Here’s a clichéd image of contemporary dance: earnest, blank-faced performers in plain-looking, obscure choreography that wilfully ignores an audience who’d rather not watch it anyway. Alas, it has a grain of truth. Exhibit A: Laura Krasnic’s Across and Beyond, featuring four plain-clothes dancers, one experimental soundscore (think breathy noises blowing about a wind tunnel), and thirty minutes of more or less wafty activity.
Of course there’s more to it than that: no cliché is just the cliché. Beneath this unedifying surface, a compositional principle is at work: atoms of action (arms stretched into wings, fingers bunched into fists, torso hanging stork-like over stiff legs) are combined and distributed into compound phrases. Fine as a choreographic lab-experiment, but this is not enough for a performance, especially when only one dancer (Karolina Kraczkowska) has the physical eloquence to bring these material sequences to life.
Exhibit B: Daisy Thompson and Ian Gartside’s Both Perhaps Present. It’s similar, but pared down: two plain-clothes dancers, no soundtrack, twenty minutes of more or less robotic activity. Dead-eyed Thompson and Gartside pace up and down, in and out of unison. As before, atoms of action (a sudden crouch, a saluting arm, a trippy step) combine into compound phrases. Again, this might generate interesting results later down the line, but it’s not really presentable yet.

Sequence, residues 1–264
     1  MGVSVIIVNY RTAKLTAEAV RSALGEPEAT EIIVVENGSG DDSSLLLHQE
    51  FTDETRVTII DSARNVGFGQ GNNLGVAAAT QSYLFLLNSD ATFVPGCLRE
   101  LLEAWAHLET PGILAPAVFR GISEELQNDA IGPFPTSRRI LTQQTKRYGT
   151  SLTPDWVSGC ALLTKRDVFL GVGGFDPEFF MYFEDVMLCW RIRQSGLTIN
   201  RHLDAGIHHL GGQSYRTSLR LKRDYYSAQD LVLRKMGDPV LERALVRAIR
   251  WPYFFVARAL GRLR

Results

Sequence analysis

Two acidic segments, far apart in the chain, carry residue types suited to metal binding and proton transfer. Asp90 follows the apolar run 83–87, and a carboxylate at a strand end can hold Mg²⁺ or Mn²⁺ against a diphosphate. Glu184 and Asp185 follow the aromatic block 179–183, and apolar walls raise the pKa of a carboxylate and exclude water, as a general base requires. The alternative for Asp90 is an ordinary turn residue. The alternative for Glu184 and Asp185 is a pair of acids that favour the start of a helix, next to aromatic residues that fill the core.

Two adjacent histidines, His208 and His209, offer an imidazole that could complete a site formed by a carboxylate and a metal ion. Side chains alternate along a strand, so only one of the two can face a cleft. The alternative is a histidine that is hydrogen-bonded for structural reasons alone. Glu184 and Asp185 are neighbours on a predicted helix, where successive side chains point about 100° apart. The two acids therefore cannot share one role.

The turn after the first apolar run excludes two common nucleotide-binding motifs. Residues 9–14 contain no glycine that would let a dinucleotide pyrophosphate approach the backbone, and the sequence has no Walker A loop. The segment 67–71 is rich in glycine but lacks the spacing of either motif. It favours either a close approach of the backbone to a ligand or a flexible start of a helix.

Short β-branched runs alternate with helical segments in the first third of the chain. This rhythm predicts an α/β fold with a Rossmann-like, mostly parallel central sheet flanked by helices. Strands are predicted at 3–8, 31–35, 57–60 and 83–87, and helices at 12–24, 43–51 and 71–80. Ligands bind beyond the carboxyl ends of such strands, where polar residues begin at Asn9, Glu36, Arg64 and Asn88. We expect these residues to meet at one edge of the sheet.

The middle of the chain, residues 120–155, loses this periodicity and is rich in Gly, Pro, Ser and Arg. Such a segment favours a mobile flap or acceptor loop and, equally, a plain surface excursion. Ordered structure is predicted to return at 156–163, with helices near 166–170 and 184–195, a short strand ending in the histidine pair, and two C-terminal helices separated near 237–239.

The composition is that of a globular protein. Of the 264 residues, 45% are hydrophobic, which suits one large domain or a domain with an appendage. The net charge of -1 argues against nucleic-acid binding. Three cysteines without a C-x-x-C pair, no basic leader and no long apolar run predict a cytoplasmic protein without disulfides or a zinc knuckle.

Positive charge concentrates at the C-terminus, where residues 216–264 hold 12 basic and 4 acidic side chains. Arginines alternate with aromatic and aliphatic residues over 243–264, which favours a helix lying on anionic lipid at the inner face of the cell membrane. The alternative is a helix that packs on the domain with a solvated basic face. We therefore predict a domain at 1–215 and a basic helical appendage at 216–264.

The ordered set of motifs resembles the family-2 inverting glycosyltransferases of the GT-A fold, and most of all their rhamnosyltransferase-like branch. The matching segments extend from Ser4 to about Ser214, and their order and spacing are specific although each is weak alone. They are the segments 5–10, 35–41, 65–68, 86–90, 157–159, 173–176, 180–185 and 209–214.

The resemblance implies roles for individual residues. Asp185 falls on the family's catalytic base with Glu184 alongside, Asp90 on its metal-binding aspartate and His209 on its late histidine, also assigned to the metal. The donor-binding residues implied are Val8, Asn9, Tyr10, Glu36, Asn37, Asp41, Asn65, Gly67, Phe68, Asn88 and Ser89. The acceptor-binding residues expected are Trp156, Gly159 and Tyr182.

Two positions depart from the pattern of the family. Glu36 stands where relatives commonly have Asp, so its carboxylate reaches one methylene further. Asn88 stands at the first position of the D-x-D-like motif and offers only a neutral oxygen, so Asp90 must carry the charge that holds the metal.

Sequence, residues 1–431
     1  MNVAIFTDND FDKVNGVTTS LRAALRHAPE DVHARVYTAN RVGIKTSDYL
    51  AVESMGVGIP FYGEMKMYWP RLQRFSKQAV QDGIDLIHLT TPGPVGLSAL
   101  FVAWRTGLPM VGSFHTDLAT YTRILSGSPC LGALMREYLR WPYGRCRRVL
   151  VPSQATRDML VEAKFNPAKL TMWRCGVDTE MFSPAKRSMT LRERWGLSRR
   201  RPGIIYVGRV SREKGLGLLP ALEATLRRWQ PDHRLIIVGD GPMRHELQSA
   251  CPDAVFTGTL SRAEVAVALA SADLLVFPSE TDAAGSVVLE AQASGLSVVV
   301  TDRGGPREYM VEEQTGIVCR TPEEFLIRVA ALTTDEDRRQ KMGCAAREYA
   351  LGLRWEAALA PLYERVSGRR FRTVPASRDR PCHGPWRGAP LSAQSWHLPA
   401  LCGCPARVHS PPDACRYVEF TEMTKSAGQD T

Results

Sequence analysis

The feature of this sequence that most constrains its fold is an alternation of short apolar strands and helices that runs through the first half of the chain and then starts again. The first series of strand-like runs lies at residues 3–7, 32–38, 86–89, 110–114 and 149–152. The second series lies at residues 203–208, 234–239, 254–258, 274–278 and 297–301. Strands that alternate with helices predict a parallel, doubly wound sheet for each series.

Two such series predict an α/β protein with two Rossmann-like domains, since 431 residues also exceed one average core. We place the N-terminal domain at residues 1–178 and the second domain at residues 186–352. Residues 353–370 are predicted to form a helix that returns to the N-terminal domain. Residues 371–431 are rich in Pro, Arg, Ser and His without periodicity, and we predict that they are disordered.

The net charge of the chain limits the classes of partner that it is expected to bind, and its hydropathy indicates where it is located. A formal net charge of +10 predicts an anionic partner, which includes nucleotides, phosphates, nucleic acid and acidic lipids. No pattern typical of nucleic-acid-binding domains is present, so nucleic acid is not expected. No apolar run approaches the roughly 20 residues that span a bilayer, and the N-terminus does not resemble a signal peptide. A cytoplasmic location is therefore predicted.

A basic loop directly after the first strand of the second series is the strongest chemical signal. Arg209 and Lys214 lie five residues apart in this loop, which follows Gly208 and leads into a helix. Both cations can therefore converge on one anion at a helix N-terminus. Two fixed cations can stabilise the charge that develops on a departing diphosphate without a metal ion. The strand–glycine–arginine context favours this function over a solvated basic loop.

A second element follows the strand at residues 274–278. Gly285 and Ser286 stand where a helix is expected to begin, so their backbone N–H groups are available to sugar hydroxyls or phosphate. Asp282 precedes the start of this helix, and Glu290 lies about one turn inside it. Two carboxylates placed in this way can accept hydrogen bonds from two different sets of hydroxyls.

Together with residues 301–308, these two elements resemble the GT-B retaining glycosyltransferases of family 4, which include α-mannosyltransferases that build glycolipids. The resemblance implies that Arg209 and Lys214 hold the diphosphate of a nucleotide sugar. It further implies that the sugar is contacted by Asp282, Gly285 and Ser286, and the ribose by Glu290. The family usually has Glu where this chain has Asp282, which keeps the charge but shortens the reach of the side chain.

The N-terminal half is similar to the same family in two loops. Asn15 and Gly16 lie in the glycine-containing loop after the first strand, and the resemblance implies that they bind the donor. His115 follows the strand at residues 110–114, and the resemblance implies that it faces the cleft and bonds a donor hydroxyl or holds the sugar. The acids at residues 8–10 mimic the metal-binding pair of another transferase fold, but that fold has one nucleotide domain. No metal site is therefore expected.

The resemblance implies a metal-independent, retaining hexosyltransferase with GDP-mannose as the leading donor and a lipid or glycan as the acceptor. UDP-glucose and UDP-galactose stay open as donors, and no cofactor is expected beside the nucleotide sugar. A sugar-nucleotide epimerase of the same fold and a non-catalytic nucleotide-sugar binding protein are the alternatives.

To finish, an offbeat oddity: Will Palmer and Thomas Goodwin’s Two Men, a Tent and a Match. In boots, breeches and braces, Palmer and Goodwin tussle over a groundsheet, turn it into a boat, shelter beneath it like a tarpaulin, and hoist it like a flag over mock-heroic poses. The piece has the feel of a silent film, Jacques Tati sight-gags gently satirising boy-scout virtues and körperkultur images of fresh air, wholesomeness and masculinity. It’s funny, occasionally faintly creepy, and wholly unexpected. Thank goodness, then, for another cliché: in Resolution!, you never know what you’ll get.